Hammersley sampling belongs to the category of quasi-Monte Carlo methods. This technique uses a quasi-random number generator, based on the Hammersley points, to uniformly sample a unit hypercube.

Figure 1. . Latin HyperCube (left) and Hammersley (right) for 100 runs.

Usability Characteristics

  • An efficient sampling technique that provides reliable estimates of output descriptive statistics using fewer samples than random sampling. For example, for the same number of runs, a Hammersley sample will be closer to the theoretical mean than a truly random sample.
  • Provides good, uniform properties on a k-dimensional hypercube. This is an advantage over Latin HyperCube sampling, which provides good uniform properties of each dimension individually.
  • To get a good quality fitting function, a minimum number of runs should be evaluated. (N+1)(N+2)/2 runs are needed to fit a second order polynomial, assuming that most output responses are close to a second order polynomial within the commonly used input variable ranges of -+10%. An additional number of runs equal to 10% is recommended to provide redundancy, which results in more reliable post-processing. As a result, this equation is recommend to calculate the number of runs needed or a minimum of 1.1*(N+1)(N+2)/2 runs.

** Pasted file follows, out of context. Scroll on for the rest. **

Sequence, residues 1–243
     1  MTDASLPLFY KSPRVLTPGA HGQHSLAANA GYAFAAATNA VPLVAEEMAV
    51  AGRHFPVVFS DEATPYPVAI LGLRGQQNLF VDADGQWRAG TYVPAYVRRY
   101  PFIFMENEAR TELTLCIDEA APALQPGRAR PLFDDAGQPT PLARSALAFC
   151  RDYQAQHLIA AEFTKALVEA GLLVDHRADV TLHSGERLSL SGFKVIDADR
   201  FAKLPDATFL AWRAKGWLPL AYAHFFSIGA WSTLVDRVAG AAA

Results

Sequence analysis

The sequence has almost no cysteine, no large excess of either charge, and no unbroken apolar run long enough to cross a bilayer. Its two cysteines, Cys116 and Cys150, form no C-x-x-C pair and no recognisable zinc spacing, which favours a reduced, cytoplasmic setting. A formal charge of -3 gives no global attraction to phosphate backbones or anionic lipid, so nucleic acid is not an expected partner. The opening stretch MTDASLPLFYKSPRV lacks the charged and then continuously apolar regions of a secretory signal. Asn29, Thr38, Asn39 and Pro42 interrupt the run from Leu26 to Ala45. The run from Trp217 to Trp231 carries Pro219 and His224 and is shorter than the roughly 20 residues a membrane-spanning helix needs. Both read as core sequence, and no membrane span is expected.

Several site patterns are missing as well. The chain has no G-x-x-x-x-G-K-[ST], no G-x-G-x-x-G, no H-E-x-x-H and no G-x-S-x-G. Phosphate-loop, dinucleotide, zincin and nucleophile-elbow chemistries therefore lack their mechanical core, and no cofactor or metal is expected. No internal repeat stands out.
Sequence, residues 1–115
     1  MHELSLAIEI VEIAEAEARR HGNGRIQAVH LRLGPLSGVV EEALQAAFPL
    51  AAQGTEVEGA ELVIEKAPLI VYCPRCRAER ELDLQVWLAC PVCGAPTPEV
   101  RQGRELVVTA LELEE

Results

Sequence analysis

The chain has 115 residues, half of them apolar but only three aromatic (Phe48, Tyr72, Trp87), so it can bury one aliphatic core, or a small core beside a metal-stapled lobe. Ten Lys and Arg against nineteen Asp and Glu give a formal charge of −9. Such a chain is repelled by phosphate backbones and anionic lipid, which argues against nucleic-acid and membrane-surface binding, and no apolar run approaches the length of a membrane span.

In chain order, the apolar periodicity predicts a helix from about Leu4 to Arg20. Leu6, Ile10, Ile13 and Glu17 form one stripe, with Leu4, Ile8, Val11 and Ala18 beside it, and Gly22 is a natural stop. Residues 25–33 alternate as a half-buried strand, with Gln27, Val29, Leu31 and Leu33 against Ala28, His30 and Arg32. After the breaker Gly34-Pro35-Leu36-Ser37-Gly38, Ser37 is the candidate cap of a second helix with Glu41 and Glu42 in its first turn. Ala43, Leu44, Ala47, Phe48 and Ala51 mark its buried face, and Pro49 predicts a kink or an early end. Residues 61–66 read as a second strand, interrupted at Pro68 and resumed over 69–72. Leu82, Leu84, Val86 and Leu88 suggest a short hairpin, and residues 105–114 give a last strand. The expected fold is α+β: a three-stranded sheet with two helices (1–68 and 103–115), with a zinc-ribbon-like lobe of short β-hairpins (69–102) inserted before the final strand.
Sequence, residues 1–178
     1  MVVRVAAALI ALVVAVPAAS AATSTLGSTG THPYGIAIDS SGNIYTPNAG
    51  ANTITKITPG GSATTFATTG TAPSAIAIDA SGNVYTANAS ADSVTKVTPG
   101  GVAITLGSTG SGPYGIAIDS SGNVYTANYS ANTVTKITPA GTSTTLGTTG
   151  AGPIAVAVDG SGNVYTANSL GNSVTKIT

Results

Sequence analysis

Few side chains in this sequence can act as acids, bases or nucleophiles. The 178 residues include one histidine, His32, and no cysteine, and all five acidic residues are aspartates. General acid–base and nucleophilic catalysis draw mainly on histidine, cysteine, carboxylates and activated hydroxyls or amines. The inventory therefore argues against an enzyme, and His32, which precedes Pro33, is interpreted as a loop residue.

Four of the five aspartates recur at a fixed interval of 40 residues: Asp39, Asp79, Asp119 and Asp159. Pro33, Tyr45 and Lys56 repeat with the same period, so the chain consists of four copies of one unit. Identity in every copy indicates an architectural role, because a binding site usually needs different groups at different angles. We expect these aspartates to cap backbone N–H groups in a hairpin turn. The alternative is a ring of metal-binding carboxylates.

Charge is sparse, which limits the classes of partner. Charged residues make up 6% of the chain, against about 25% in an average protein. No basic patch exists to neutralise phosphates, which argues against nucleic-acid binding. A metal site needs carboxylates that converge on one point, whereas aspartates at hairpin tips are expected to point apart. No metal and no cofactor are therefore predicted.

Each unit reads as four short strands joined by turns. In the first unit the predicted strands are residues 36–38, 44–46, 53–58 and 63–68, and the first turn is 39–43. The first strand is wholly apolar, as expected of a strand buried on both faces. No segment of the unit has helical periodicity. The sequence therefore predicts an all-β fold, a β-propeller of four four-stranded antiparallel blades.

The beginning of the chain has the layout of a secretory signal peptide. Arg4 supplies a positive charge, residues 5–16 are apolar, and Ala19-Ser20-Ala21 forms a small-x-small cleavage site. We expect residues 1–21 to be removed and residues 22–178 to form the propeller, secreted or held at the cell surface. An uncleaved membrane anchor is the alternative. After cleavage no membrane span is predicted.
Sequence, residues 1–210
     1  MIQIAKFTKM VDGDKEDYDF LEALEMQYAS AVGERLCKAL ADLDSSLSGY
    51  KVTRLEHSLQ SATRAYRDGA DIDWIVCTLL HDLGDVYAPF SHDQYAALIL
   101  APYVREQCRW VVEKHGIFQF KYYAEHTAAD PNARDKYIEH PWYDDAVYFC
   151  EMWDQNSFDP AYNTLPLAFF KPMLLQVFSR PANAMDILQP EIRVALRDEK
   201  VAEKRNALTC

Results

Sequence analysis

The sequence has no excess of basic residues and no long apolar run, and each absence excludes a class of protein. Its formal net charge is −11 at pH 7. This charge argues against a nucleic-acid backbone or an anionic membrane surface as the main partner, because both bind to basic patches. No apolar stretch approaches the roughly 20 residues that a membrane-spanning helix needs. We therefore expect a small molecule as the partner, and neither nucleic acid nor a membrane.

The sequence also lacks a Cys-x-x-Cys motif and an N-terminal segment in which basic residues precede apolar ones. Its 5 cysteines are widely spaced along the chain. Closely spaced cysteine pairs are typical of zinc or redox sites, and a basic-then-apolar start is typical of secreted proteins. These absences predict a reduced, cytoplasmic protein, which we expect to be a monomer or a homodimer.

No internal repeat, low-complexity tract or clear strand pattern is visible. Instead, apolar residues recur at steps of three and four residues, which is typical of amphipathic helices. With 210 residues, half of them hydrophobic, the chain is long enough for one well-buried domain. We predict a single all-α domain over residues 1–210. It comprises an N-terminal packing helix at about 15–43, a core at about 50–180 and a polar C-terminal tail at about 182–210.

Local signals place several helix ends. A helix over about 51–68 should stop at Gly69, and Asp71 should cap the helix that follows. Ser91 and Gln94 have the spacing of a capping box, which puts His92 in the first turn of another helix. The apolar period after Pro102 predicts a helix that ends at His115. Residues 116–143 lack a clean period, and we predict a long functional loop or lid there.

• Any data in the inclusion matrix is combined with the run data for post-processing. Any run matrix point which is already part of the inclusion data will not be rerun.


In the Specifications step, Settings tab, change method settings.
Parameter Default Range Description
Number of Runs 1.1 ( N + 1 ) ( N + 2 ) 2 > 0 integer Number of new designs to be evaluated.
Use Inclusion Matrix Off Off or On Concatenation without duplication between the inclusion and the generated run matrix.